3. Beyond the deli section you’ll start to encounter the meats in the back of the store, as well as the first aisle entry. My strategy when supermarket shopping: is a) to look for protein foods that are on sale, to include eggs, all lean meats, seafood, and vegetarian options; b) top up on the cheapest complex carbohydrate options, such as brown rice, quinoa, millet, oats, seeded breads, etc. (root vegetables would have been purchased at the fruit and vegetable store); c) choose whichever dairy (and/or refrigerated vegan) products are on sale, and d), top up on any pantry staples that need replacing.

Once home, it’s always a good idea to start food preparation right away. I almost always do my grocery shopping on days that I am off work and have enough time to shop and meal prep all in one go. You’ll find that by practicing this one habit, the likelihood of food wastage will be significantly less.

By now you’re probably wondering how I create my meals without having planned an advance menu, and the answer to that is that I simply mix and match the groceries I come home with. All of our meals are built around the concept of a balanced plate that contains some type of lean protein, a complex carbohydrate, a decent size serving of vegetables, and a small serving of some type of healthy fat (such as avocado, nuts and seeds, or olive oil). By the end of the week, if protein options are completely used up, I start using pantry supplements such as beans and legumes.

Also, it’s not necessary but if you enjoy baking as much as I do, I use overly ripe or excess fruits and vegetables to make bread loaves and muffins, and I use dried fruits and nuts to make biscuits (I prefer to have healthier home-baked snacks on hand versus store-bought packaged goods). And finally, have plenty of portable containers available to pre-pack meals for school and work, and to also store ready-made meals in the freezer that can be pulled out later in the week and re-heated.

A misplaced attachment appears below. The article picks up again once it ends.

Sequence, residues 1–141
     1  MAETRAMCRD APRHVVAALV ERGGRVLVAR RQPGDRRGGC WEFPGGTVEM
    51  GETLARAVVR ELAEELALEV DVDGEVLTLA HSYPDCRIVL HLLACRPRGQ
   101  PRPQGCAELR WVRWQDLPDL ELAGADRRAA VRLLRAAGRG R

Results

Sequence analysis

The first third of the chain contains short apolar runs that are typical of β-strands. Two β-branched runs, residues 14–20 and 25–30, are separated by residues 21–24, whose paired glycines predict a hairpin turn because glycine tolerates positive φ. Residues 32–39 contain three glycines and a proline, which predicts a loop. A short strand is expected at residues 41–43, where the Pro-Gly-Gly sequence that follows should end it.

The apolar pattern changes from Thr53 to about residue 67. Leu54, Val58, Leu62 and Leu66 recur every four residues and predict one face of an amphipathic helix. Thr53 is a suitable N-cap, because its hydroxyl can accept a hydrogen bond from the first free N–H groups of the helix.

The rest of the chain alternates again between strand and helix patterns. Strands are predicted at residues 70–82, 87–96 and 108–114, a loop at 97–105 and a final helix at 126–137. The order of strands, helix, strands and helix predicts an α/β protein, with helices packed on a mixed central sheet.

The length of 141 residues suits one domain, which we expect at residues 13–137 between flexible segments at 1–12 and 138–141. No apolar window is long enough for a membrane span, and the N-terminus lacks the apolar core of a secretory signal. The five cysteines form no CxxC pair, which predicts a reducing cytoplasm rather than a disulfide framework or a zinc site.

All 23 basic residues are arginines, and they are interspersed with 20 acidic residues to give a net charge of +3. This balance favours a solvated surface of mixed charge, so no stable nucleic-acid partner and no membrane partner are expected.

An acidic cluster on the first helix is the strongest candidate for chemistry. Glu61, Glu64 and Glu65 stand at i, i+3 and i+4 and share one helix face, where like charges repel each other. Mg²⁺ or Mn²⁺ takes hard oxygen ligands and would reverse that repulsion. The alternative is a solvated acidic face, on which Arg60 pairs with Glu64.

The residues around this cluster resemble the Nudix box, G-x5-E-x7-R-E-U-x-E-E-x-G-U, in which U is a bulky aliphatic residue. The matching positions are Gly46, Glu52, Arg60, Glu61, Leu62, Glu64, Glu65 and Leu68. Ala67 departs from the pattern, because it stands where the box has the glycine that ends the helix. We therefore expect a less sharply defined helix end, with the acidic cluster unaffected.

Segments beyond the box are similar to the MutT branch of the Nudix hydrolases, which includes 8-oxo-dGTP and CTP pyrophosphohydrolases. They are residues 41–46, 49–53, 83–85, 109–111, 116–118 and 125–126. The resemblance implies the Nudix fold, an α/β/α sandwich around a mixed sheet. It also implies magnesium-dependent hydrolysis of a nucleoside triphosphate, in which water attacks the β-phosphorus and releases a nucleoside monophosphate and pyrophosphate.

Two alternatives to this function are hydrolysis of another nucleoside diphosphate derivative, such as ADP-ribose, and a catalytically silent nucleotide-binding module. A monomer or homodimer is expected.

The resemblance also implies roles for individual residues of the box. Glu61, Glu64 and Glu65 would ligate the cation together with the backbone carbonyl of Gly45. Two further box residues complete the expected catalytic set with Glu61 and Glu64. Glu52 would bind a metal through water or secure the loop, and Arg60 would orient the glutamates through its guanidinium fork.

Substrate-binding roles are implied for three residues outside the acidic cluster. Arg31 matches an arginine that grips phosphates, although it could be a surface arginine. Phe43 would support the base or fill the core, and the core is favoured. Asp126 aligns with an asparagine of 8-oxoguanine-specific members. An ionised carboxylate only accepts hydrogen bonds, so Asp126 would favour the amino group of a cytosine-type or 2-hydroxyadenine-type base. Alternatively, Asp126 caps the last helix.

collage (6)

 

A Brussels Sprouts Recipe You Might Actually Enjoy

Jannine Myers

Brussels sprouts are one of those odd vegetables that people seem to either love or hate; I personally love them! If you’re in the “indifferent” camp and don’t mind eating them, but won’t go out of your way to buy them because you’re not sure how to cook them or what to pair them with, give this recipe a try.

I made this a couple of nights ago, and not only was it super quick and easy, but it was also really delicious. And on a nutritional note, there are so many reasons why you should include brussels sprouts in your diet, including the following:

– a great source of fiber, manganese, potassium, choline, and B vitamins

– high in Vitamins C and K

– a reasonably good source of protein when compared with other green vegetables

– can potentially fight different types of cancer and improve bone health

[The following recipe directions recommend adding the brussels sprouts last, and cooking for no more than 5 minutes – brussels sprouts are nutritionally optimal when they are not overcooked].

17199156_10158192300335562_1606555495_n

Ingredients

1 tbsp Extra Virgin Olive Oil

1 chopped onion

2 garlic cloves, minced

2 tbsps Thai red curry paste

3 cups cubed cooked pumpkin, kumara, and potato (to save time, I stopped at the deli section of my local supermarket and picked up a pre-packaged container of already roasted vegetables).

1 can (400g) organic black beans

1 can (400g) coconut milk

brussels sprouts, washed and halved (about 2 cups)

brown rice, cooked (to serve as base for the curry)

Directions

Heat oil in pan, and gently saute the onion and garlic for a couple of minutes. Add the red curry paste and cook for a further 1 or 2 minutes.

Add the cooked vegetables, coconut milk,, and drained black beans. Cover and cook over low heat for about 5 minutes. Add the brussels sprouts and a sprinkle of organic sugar, and stir through. Cook over low heat for a further 5 minutes and remove from the stovetop.

Serve hot over cooked brown rice.

[Recipe by Angela Casley, Viva]

No-Bake Apricot-Oat Slice

Jannine Myers